Saturday, July 21, 2012
Gimme More Take Shelter: Best Scary Movie of the Past 5 Years.
Movie Review: Take Shelter
Director: Jeff Nichols
Reviewed: 20 July 2012
jamesintexas rating--**** (highest possible rating)
Take Shelter is the most frightening movie of the year. Here are movies that have seriously scared me.
The Silence of the Lambs: Serial killers, cannibals, guys with moving vans, night-vision goggles, and a sense of methodical purpose.
The Exorcist: Demonic possession, little kids spewing vomit and hatred, battle between good and evil.
Scream: Unkillable, unstoppable, undeniable Ghostface killer with his sharp knives, deadly garage doors, and cell phone torments.
Let The Right One In: A realistic, cold, and scary vampire movie set in Sweden.
Martha Marcy May Marlene: Cults, family conflict, your family is a cult, and dissolving reality.
Signs: A sonic nightmare of claws and alien clicks, a father furiously hammering wood over his home's windows, a family terrorized by an unknown force.
Pan's Labyrinth: The Pale Man is a singularly terrifying creature.
Halloween: A supernatural, spooky, silent killer in a William Shatner mask spray painted white. Babysitting gone wrong.
The Ring: Little girl coming out of the television. Rainy Seattle. Grainy, eerie VHS tape. Enough said.
The Shining: A movie that felt wrong when I watched it in high school, and I still think it would feel wrong now at 33; elevators of blood, twins, hotel rooms with unspeakable images.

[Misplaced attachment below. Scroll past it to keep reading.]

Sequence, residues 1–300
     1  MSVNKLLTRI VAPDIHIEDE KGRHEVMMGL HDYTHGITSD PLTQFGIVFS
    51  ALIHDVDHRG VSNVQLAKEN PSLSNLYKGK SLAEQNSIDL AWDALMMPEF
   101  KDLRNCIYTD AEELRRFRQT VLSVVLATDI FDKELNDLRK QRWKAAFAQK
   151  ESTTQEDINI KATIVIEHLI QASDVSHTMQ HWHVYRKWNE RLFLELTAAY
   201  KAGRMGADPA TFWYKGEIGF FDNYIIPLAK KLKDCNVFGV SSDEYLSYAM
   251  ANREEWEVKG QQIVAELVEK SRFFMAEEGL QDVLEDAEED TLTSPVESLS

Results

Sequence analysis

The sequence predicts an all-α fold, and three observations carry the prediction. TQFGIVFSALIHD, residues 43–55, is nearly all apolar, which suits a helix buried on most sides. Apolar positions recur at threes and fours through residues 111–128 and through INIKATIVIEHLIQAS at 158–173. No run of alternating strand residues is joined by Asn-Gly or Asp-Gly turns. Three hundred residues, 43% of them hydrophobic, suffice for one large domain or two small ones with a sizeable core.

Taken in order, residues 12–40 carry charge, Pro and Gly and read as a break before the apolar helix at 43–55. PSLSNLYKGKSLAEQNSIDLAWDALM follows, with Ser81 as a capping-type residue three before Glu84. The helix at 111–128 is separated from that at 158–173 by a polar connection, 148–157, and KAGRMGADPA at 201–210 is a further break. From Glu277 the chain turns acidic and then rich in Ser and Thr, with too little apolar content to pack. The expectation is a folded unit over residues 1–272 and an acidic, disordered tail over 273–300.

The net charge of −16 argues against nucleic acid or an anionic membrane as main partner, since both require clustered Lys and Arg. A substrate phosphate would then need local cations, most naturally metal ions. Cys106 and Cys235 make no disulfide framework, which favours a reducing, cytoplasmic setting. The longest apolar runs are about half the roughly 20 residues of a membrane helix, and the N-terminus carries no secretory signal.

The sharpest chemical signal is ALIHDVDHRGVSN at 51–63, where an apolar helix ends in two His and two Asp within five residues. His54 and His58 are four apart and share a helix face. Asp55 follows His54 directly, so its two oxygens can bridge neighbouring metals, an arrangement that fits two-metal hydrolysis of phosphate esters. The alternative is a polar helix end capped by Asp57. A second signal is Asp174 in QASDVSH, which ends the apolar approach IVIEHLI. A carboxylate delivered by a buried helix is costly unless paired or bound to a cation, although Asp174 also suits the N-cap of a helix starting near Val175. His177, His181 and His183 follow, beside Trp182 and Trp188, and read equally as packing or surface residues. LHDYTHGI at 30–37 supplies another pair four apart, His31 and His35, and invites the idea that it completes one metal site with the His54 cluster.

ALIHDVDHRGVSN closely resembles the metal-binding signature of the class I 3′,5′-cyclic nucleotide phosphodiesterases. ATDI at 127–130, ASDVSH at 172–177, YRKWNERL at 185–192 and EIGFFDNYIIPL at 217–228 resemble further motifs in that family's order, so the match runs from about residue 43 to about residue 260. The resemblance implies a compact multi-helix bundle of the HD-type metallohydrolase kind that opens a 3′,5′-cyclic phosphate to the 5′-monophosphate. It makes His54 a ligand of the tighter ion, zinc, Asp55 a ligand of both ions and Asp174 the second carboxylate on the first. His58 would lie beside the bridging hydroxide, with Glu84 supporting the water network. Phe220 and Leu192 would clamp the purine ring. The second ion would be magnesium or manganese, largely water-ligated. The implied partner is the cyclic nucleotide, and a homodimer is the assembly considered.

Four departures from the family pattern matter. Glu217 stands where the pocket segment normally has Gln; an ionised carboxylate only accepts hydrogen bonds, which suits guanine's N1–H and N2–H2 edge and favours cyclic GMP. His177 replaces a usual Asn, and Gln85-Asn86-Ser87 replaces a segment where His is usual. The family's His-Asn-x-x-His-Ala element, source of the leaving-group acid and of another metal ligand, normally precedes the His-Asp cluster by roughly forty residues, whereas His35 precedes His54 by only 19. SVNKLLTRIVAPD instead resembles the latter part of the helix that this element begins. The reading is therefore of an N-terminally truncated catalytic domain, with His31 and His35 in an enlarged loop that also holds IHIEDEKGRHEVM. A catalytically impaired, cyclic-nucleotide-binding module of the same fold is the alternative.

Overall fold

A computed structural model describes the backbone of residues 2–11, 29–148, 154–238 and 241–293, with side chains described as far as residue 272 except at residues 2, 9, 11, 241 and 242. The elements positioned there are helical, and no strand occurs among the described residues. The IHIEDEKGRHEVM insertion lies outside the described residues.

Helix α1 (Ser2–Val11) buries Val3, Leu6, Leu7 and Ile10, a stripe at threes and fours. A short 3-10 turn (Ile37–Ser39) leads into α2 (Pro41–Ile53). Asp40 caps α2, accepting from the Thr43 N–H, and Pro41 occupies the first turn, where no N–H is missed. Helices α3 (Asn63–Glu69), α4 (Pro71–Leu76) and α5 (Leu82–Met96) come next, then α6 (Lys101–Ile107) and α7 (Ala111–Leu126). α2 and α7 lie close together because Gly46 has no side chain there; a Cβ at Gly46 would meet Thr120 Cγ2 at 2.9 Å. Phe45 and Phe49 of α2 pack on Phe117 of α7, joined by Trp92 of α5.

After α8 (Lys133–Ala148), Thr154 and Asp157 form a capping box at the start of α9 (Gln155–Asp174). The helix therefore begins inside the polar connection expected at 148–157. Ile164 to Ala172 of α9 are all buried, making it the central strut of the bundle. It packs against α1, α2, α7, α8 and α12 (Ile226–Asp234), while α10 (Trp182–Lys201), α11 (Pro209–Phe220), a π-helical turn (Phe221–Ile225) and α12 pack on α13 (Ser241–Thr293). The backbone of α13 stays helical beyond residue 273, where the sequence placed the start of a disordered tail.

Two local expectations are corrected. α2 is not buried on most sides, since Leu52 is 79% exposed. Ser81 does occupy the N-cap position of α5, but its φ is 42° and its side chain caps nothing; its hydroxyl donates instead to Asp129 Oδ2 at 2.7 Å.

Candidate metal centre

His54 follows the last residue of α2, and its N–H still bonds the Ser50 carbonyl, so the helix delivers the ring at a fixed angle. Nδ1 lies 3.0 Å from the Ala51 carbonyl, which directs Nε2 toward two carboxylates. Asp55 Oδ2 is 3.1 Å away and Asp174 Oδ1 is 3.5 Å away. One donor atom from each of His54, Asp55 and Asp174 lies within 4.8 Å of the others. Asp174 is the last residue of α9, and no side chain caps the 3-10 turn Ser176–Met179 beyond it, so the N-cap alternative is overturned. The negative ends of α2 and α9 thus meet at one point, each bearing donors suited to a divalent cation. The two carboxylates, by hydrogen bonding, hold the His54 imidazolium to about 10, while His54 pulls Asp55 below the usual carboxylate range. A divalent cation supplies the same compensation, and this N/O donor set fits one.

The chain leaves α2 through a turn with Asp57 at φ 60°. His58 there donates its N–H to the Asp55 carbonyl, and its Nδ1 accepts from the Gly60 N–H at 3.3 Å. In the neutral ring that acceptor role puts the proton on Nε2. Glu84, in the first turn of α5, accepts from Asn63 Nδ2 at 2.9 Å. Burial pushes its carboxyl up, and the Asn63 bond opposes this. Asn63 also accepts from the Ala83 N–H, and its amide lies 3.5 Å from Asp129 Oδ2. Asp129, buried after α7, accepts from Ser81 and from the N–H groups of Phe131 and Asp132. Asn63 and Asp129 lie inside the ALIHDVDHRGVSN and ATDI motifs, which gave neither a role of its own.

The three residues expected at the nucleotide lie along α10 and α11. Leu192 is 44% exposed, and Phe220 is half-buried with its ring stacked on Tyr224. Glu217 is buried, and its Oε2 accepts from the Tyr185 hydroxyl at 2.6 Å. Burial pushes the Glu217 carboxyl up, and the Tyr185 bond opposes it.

Jaws: Undeniably effective and psychically scarring for me; there is no point in stepping into a lake, river, pond, or ocean where I don't think about its apex predator gone mad with human blood.
And now, Take Shelter. I want to write as little as possible about this movie because I'm still wrestling with it in my mind, and I think that you should go into the film knowing very little. I need to see the film again, but I think it has something profound to say about mental illness and families, as well as the fragility of a person who knows their own background and makeup. The underrated and underappreciated Michael Shannon plays Curtis, a working-class guy in small town America (southern Ohio) who works on a construction crew, tries his best, saves his money, and then starts seeing visions. Horrifying, visceral, realistic scenes best left undescribed. Curtis lives with his wife Samantha (Jessica Chastain, again brilliant) and their daughter Hannah (Tova Stewart) who happens to be deaf. They are a family struggling to pay bills, to cover health costs for a cochlear implant for their daughter, strains with both sets of their parents. And then, there's Curtis's visions or revelations or hallucinations which threaten the very fabric of their family and relationships with each other. Shannon and Chastain are both so good here as a couple under duress, and the sense of small town life seems spot-on. I won't say more.
For me, cinematic fright takes many forms as you can see from my list above: serial killers, aliens, elevators of blood, creepy little long-haired girls, great white sharks, lethal vampires, the unkillable, etc... Now, add losing one's mind, family, home, and existence to that list. Take Shelter is a horror film for our times, a film that delves deep into a community, faith, and a family, and its answers are never simple.
A phenomenal achievement. Please go see it!